7. Vapour

    Vapour New Member

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    :confused: hey, your statement "Buddhism ..... recomend vegetarian diet" is very wrong. Among Buddhism, only Chinese Buddhism enforce vegetarianism. I do grant that there are lot of Chinese buddhists due to their huge population, However, from the perspective of denomination, they are in minority. The rest of Buddhist tradition don't practice vegetarianism and there are very good thelogical justification for it.

    Buddah wasn't a vegetarian. He died from eating what in pali is wrtten as pork-soft. Some interpret this as a type of fungus, however, there are other parts which mention Buddah eathing "pork's fresh" and no one would claim that the meaning of the words is anything other than literal.

    This doesn't mean Buddhist *have to* eat meat. Just that what you put in your mouth means very little compare to what come out from your mouth.
     
  8. Vapour

    Vapour New Member

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    My above post probably need to be explained bit further.

    Firstly, you do meet some buddhist who claim that if you are buddhist, you have to be a vegetarian. And they do quote buddhist scriptures to back it up. So obviously, my above claim is not as clear cut as it is.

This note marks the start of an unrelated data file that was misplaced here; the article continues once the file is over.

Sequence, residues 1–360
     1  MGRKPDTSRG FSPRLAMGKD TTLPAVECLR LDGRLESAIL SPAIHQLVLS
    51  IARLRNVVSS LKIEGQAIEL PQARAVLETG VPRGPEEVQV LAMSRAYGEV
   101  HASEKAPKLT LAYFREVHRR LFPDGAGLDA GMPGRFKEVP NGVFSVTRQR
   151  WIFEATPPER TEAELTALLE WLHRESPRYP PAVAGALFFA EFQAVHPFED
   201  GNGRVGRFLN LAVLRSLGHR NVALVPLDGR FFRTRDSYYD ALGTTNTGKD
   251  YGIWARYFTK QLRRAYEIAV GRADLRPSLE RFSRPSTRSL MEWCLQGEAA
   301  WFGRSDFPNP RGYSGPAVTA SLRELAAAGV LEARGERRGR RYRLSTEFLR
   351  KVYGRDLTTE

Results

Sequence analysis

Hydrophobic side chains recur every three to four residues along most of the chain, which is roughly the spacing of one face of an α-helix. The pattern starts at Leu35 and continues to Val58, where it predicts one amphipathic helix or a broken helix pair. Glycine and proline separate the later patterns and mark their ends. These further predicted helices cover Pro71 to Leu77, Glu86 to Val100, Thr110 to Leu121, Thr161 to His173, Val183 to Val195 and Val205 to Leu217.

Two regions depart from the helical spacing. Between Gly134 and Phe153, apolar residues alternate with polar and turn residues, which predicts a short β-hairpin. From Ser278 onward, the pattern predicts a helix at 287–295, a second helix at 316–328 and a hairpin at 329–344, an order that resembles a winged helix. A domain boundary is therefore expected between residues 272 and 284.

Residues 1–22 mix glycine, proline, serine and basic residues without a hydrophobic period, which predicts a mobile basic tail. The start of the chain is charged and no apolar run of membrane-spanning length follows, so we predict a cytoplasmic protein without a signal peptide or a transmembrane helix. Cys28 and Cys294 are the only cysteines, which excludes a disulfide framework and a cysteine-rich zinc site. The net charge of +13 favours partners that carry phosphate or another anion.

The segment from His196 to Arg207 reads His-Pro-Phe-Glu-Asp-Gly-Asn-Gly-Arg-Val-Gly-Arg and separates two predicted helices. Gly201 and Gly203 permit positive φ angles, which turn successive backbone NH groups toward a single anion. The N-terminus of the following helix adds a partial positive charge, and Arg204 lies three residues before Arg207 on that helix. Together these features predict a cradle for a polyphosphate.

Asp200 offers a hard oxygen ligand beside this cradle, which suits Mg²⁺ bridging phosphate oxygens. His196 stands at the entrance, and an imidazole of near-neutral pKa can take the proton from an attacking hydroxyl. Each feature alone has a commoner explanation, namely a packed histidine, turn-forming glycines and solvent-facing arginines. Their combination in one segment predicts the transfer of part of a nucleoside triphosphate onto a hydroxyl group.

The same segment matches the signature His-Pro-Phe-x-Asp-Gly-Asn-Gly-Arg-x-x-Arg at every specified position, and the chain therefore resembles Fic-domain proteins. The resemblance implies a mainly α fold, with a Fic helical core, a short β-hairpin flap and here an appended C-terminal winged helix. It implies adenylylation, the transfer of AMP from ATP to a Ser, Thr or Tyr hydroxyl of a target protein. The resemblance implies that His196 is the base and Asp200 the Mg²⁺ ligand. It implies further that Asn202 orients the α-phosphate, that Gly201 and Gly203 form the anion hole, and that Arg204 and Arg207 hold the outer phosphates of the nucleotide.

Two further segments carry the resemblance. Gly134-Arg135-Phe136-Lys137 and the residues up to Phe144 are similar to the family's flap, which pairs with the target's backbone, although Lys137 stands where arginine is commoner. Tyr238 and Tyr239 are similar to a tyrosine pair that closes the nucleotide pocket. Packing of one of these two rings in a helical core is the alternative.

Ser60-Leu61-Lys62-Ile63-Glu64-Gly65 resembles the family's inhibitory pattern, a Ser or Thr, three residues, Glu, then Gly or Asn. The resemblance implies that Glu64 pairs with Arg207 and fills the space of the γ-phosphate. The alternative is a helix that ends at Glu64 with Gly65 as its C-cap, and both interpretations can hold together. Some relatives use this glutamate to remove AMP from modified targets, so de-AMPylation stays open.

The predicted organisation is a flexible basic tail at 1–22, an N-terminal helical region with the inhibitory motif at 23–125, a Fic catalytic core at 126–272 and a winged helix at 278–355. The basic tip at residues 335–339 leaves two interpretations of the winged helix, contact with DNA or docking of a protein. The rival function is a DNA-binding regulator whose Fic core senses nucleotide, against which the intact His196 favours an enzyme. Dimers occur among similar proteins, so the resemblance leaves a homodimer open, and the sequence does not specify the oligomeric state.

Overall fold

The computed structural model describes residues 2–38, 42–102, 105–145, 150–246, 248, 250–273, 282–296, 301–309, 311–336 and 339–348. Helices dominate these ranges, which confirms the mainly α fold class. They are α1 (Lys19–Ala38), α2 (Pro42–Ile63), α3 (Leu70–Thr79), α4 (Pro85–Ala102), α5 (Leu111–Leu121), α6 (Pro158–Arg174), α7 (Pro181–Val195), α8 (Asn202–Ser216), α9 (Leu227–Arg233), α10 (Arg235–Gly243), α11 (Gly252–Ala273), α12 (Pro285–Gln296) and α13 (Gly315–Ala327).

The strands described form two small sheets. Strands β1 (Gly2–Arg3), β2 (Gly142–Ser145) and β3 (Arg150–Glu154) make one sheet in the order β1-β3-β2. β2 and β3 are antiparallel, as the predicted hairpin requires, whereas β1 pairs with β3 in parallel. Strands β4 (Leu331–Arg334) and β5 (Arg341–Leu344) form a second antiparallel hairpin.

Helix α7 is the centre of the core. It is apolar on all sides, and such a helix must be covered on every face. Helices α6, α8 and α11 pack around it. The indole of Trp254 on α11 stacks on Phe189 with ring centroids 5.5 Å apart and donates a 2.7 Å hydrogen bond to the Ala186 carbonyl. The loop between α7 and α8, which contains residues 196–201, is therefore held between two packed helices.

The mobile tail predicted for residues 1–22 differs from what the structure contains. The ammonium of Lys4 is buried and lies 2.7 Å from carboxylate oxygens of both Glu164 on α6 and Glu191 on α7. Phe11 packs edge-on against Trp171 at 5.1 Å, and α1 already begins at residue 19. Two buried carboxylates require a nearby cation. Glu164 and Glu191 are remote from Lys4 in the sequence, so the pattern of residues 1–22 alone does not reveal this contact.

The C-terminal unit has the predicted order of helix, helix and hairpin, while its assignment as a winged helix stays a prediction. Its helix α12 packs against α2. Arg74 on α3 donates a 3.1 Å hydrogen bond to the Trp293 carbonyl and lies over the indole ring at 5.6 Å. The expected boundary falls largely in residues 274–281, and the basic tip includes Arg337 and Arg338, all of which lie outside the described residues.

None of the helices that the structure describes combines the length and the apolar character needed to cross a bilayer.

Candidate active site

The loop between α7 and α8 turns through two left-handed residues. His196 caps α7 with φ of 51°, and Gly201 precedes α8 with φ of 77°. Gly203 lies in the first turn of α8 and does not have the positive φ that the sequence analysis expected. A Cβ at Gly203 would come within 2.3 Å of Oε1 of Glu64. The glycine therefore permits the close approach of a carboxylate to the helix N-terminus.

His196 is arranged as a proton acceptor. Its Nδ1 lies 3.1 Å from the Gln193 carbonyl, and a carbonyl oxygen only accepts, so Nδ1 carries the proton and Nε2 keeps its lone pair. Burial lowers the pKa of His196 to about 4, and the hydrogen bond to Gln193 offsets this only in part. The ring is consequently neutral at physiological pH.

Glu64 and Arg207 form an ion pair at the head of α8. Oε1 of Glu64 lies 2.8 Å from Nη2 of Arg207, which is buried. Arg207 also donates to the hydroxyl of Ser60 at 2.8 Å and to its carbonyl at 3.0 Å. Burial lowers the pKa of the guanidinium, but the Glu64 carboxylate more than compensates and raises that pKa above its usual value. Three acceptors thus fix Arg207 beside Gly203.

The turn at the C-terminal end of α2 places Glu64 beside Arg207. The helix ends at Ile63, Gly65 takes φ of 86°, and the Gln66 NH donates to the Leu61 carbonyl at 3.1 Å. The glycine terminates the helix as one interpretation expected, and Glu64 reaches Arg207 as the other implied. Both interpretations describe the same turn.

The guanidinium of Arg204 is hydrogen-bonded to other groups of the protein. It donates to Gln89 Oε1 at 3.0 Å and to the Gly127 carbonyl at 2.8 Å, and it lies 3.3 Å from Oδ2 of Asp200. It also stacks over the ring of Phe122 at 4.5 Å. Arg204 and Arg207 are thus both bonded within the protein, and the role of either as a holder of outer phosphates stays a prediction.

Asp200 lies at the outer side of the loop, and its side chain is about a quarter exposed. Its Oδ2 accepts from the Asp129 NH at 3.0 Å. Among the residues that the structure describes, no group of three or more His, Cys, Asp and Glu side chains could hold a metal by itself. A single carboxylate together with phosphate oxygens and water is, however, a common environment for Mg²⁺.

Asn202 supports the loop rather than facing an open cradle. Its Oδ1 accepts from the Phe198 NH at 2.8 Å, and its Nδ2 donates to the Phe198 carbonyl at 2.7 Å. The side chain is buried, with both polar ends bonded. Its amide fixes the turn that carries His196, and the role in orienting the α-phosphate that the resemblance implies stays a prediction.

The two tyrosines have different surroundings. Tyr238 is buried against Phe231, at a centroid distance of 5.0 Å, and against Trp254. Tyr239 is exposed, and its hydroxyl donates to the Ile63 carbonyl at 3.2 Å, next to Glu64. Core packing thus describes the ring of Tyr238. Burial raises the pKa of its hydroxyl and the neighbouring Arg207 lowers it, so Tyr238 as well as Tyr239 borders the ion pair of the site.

Basically, there are two main branch of Buddhism, Mahayana and Theravada and two major collection of sutras(scripture), Theravada sutras based on Pali language and Mahayana sutras based on sanskrit language. Theravadan buddhism follow only pali cannons while Mahayanan buddhism follow both Pali and Sanskrit sutras.

    Pali cannons were comprise much earlier and remain intact. On the other hand large part of sanskrit sutras have been lost and survive only in Chinese and Tibettan. To add further, especially in chinese sutras, availability of different version of sutras make it quite clear that addition and edition of sutras went on for quite sometimes, making authenticity of part of chinese sutras problematic.

    The part dealing with vegetarianism in Mahayanan sutras are considered as very weak, especially in light of Pali sutras which shows that

    *buddah wasn't a vegetarians
    *his monks and lays followers weren't vegetarians
    *buddah even went as far as setting condition in which one can eat meat which include permission to eat meat which was purchased from someone else.
    *Buddah explicity rejected vegetarianism when it was suggested
    *He repeatedly state in one sutta that simply eating meat doesn't make one impure.

    So type of *food* is very minor issue in Buddhism. this doesn't mean diet is not an issue in buddhism nontheless.